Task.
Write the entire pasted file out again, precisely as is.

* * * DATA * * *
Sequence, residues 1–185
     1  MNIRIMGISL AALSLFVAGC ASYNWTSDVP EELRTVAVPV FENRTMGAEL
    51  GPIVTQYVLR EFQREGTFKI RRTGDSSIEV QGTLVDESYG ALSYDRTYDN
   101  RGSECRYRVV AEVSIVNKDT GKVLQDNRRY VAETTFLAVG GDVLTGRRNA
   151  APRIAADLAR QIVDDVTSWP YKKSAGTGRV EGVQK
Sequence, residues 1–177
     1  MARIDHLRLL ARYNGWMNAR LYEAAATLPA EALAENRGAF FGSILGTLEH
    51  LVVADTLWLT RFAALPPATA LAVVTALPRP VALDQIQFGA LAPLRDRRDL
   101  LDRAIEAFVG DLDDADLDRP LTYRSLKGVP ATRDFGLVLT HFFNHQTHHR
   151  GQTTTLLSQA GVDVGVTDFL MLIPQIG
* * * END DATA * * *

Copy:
Sequence, residues 1–185
     1  MNIRIMGISL AALSLFVAGC ASYNWTSDVP EELRTVAVPV FENRTMGAEL
    51  GPIVTQYVLR EFQREGTFKI RRTGDSSIEV QGTLVDESYG ALSYDRTYDN
   101  RGSECRYRVV AEVSIVNKDT GKVLQDNRRY VAETTFLAVG GDVLTGRRNA
   151  APRIAADLAR QIVDDVTSWP YKKSAGTGRV EGVQK
Sequence, residues 1–177
     1  MARIDHLRLL ARYNGWMNAR LYEAAATLPA EALAENRGAF FGSILGTLEH
    51  LVVADTLWLT RFAALPPATA LAVVTALPRP VALDQIQFGA LAPLRDRRDL
   101  LDRAIEAFVG DLDDADLDRP LTYRSLKGVP ATRDFGLVLT HFFNHQTHHR
   151  GQTTTLLSQA GVDVGVTDFL MLIPQIG